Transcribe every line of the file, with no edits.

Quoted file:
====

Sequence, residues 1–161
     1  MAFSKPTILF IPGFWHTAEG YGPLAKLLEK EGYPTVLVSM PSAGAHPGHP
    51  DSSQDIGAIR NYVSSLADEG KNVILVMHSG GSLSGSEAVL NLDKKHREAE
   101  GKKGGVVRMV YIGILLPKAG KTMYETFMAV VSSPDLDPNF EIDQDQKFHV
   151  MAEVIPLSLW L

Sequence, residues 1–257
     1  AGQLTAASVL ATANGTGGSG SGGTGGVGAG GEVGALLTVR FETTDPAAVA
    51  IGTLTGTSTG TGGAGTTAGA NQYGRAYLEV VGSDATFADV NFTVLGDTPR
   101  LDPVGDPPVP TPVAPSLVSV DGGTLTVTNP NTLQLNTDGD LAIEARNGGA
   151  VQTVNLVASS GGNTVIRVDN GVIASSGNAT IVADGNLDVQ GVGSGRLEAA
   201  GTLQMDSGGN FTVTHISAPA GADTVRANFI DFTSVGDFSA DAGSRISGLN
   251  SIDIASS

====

Sequence, residues 1–161
     1  MAFSKPTILF IPGFWHTAEG YGPLAKLLEK EGYPTVLVSM PSAGAHPGHP
    51  DSSQDIGAIR NYVSSLADEG KNVILVMHSG GSLSGSEAVL NLDKKHREAE
   101  GKKGGVVRMV YIGILLPKAG KTMYETFMAV VSSPDLDPNF EIDQDQKFHV
   151  MAEVIPLSLW L

Sequence, residues 1–257
     1  AGQLTAASVL ATANGTGGSG SGGTGGVGAG GEVGALLTVR FETTDPAAVA
    51  IGTLTGTSTG TGGAGTTAGA NQYGRAYLEV VGSDATFADV NFTVLGDTPR
   101  LDPVGDPPVP TPVAPSLVSV DGGTLTVTNP NTLQLNTDGD LAIEARNGGA
   151  VQTVNLVASS GGNTVIRVDN GVIASSGNAT IVADGNLDVQ GVGSGRLEAA
   201  GTLQMDSGGN FTVTHISAPA GADTVRANFI DFTSVGDFSA DAGSRISGLN
   251  SIDIASS